It takes you through every level, from what you should expect from a manager, to how to start taking mentoring opportunities to build initial leadership skills. It builds up to leading teams, departments and whole companies, and finishes up with thoughts on how to build up the culture of your organisation.

It’s has a really strong focus on the technical problems that you’ll encounter, from managing familiar personality types, to how to deal with the inevitable tensions of shipping software whilst balancing scope and time to market. If you work with technical people, then it’s still a great read to help you understand the challenges of your Engineering peers.

Camille shares personal anecdotes and stories of times that she’s encountered the issues of leadership, and these personal insights bring the advice to life. It’s also a great way to see where particular options might not be right for you, and which tool you could choose to leave in the toolbox in favour of something else.

The intro suggests that you focus your reading on the level you are currently acting at, whilst encouraging you to skim other sections more lightly. It’s a really good approach, I’d definitely agree that once you’ve read it all you should come back to the parts that are most relevant and useful for where you are now.

Definitely one for the library, it’s one to give to your high potential talent and freshly minted leaders.

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Book Review Leadership

The Art of Leadership

Michael Lopp’s new book has just been released. The Art of Leadership, Small Things Done Well. I’ve had it on pre-order since December, so I was very excited to get it into my hands.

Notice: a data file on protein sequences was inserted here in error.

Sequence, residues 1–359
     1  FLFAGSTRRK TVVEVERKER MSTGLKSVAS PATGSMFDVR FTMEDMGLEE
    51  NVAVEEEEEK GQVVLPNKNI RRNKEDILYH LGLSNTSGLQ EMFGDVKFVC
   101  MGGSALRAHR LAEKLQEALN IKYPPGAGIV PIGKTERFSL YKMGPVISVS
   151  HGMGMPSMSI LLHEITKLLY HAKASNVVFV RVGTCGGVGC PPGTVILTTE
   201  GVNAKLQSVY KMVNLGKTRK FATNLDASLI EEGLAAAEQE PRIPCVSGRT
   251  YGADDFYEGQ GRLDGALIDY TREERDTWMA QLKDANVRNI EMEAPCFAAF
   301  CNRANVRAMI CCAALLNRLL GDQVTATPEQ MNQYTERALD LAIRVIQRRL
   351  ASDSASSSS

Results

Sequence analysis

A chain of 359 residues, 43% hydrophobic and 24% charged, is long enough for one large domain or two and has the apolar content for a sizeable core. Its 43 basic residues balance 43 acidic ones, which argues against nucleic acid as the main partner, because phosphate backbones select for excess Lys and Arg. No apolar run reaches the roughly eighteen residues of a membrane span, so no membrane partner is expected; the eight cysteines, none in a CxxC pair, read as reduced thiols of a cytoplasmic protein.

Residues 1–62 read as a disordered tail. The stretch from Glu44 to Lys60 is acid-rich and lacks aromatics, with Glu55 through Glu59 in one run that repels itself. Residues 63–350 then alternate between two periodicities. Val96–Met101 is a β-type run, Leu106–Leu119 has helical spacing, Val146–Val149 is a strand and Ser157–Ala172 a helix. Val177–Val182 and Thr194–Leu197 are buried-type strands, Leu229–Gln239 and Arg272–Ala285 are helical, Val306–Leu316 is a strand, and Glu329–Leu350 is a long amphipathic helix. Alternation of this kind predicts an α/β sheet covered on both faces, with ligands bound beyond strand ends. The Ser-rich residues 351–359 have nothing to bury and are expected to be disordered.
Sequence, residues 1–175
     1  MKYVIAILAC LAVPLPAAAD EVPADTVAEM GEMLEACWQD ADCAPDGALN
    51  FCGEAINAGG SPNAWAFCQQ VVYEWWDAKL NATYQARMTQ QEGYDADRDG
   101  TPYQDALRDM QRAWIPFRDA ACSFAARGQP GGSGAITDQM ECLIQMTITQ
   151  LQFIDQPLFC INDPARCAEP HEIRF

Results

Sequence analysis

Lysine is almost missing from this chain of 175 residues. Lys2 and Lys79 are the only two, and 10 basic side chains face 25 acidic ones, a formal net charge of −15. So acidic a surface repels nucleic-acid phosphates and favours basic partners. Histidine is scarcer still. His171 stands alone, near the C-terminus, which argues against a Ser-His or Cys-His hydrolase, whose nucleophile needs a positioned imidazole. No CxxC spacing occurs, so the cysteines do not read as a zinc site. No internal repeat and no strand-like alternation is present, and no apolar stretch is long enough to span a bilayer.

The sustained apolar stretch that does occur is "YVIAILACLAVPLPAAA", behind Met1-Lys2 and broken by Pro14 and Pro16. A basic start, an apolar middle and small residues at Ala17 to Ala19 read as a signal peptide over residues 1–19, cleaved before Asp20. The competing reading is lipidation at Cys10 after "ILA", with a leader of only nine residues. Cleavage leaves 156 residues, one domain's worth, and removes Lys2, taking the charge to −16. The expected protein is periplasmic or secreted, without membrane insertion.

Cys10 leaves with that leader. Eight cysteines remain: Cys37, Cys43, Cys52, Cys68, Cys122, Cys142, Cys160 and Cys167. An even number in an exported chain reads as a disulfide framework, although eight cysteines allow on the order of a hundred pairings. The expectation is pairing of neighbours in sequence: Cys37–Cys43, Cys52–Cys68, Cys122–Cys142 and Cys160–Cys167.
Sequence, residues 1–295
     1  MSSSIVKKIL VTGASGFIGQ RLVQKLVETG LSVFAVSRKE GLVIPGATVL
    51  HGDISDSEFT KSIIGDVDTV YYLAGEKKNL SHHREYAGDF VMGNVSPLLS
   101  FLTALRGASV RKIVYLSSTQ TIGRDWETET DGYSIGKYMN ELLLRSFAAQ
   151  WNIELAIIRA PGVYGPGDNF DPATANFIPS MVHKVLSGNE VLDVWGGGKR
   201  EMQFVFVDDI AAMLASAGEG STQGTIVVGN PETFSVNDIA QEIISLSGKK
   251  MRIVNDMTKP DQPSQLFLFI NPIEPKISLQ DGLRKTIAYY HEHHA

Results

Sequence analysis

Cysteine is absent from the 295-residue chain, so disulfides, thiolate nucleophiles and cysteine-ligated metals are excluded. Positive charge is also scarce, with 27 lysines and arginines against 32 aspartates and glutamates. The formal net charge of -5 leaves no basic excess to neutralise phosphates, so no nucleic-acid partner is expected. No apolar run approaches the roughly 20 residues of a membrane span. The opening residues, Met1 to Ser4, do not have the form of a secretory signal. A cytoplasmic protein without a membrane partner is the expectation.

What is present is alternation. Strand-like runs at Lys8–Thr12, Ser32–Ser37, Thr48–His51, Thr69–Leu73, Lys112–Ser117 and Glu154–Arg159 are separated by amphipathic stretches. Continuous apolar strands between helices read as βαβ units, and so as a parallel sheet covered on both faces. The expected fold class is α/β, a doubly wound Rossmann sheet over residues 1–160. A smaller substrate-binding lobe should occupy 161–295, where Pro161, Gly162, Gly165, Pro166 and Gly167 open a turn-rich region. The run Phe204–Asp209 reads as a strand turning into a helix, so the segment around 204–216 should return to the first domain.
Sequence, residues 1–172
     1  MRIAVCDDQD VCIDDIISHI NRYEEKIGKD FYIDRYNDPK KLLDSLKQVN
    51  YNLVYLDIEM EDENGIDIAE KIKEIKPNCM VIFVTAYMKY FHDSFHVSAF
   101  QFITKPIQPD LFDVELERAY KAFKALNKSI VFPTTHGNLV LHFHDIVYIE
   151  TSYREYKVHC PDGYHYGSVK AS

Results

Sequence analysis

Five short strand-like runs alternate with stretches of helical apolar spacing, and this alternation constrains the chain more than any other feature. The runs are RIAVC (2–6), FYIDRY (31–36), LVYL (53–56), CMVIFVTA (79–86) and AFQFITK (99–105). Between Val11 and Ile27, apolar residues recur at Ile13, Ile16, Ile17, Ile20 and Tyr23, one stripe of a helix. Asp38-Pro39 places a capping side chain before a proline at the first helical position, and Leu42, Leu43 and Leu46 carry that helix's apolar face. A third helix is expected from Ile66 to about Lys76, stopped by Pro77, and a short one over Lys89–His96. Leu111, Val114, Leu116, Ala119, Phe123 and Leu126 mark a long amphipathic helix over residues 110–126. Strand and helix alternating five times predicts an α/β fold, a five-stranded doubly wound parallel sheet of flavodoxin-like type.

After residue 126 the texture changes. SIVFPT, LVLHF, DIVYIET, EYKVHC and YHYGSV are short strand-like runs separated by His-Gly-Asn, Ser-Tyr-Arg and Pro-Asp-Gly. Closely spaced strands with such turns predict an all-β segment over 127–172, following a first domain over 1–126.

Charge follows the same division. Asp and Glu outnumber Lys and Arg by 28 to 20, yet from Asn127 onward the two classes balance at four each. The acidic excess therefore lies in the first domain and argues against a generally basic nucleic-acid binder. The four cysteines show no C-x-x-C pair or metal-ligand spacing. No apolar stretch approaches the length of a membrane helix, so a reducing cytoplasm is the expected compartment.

It’s a collection of thirty small things you can do as a leader to build trust and respect in a team. The book is structured around three stages of leadership in organisations, a Manager, Director and Executive.

Lopp takes you through the journey from Individual Contributor, to a Manager leading a team, a Director who is leading Managers, and an Executive who’s accountable for the direction of the company. Each of the small things is especially relevant to a leader at that specific level, but is still something to keep in your toolkit as you move on to greater spans of control.

It covers pitfalls (New Manager Death Spiral) and sometimes unexpected areas of focus (when recruiting, spend an hour per day per open role). Communication is a key theme, whether that’s how to hold effective 1-2-1s, to say the hard thing or how to communicate difficult change through a large org. It recognises that you’ll be bad at each of these roles for at least a few years until you master them, so embrace failures, learn from them and growth through the experience.

If you already follow Rands, then you’ll be familiar with a lot of this content from his excellent blog. The book takes this to a next level, grouping, ordering and curating a common set of advice that is important for all leaders.

It’s a powerful book, it’s easy to read and it’s something you’ll be excited to revisit and dip back in to for years to come.

Categories
Book Review Leadership

Drive

Daniel Pink’s Drive is a short and punchy introduction to the truth of motivation. It cuts through the traditional ideas of ‘carrot and stick’, to look at the intrinsic factors that encourage us to do a great job.

If we’re leading or coaching people, then the thoughts outlined in Drive are a really strong way to open them up to the best chances to grow, achieve and succeed in their endeavours.